Estonia also spends a relatively high share of it's gross domestic product on education, at 5.8 percent of GDP, compared with the EU average of 4.6 percent. The country that had the highest education spending in Europe was Sweden, at 6.8 percent of GDP, while the country that has increased education spending the most was Latvia with a ten percent year-on-year rise in education expenditure. In terms of salaries, Luxembourg has the best paid teachers at both primary and secondary level, with average starting salaries being 74.4 thousand U.S. dollars and 84.32 thousand U.S dollars respectively.
Although compulsory education is still the main learning experience for most people, an increasing number of Europeans are participating in higher education and obtaining degrees. As of 2018, approximately 40 percent of young Europeans had obtained a degree, with Lithuania having the highest share of 30-34 year old graduates at 57.6 percent. Europe is also home to some of the most prestigious universities in the world such as Oxford and Cambridge, which were the highest ranked universities in Europe in 2020.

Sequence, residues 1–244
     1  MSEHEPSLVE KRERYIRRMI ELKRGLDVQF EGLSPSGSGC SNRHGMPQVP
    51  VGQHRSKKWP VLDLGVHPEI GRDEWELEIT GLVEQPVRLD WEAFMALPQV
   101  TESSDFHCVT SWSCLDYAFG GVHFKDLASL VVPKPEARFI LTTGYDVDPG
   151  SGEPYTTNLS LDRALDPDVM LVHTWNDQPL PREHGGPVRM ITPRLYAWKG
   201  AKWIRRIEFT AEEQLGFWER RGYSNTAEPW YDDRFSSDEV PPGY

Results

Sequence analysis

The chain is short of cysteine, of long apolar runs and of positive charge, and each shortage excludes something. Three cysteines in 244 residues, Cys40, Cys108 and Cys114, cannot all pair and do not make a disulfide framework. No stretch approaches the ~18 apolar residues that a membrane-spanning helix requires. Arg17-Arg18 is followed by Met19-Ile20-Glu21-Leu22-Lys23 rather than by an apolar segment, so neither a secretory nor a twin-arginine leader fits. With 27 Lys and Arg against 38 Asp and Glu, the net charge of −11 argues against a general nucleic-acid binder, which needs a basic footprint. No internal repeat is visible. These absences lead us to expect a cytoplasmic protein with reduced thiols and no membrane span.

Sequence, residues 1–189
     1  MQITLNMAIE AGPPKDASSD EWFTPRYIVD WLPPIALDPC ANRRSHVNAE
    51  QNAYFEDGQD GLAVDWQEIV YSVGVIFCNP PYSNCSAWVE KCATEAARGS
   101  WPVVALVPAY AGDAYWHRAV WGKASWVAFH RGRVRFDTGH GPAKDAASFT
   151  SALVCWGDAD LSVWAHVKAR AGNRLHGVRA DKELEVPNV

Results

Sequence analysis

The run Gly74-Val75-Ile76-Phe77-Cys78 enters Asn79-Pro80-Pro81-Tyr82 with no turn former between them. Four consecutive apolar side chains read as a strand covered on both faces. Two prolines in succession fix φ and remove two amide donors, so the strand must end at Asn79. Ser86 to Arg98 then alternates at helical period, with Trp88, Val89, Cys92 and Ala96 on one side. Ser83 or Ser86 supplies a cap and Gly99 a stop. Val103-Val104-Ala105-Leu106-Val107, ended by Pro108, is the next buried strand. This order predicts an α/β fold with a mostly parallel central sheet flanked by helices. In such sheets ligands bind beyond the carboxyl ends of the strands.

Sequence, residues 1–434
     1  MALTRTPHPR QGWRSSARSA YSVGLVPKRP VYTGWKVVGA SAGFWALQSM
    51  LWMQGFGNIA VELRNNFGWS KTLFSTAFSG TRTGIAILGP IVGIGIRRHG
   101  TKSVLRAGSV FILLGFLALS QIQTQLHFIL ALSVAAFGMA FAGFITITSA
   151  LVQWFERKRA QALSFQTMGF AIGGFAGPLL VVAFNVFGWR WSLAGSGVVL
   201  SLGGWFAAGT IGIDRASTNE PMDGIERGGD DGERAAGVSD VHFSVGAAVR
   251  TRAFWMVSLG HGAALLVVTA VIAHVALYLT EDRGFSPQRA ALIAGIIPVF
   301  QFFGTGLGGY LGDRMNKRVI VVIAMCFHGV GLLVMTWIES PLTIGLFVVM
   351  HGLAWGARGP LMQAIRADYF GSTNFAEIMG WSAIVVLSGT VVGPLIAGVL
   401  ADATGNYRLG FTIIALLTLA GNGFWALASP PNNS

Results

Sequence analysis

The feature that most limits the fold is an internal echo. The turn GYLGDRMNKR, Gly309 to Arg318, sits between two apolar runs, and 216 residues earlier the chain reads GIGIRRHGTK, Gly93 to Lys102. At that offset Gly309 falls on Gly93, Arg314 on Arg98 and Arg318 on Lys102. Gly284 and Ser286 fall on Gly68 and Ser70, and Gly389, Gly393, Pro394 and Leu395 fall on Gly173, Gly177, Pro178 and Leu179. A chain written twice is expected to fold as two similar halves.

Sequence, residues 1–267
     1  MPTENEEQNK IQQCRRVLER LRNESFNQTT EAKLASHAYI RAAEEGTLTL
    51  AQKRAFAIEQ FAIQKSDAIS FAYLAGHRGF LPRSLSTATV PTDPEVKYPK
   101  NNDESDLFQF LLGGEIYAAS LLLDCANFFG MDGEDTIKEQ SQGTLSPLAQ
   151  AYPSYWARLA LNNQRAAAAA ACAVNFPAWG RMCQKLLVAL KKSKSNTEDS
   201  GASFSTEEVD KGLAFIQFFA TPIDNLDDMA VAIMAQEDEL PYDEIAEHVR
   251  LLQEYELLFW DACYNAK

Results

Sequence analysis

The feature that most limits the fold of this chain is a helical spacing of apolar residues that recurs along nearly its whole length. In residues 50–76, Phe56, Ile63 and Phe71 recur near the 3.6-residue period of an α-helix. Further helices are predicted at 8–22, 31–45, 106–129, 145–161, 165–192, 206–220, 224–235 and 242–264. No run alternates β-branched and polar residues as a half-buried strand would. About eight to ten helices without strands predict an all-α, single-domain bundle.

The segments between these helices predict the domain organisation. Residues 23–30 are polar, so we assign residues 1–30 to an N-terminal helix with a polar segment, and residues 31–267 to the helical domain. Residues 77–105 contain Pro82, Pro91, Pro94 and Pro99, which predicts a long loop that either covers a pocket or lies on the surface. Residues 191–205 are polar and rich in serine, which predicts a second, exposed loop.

As more and more people obtain degrees, and the modern economy becomes steadily more complex, there is also an increasing demand for lifelong learning, as both employer and employee seek to improve their skillsets. Part of the way this is provided is through educational technology (EdTech) such as online courses or through learning apps. While European EdTech companies are smaller than their competitors in the United States or China, investment in European EdTech is increasing, with 643 million U.S dollars invested in European EdTech in 2019, compared with just 70 million U.S. dollars in 2014.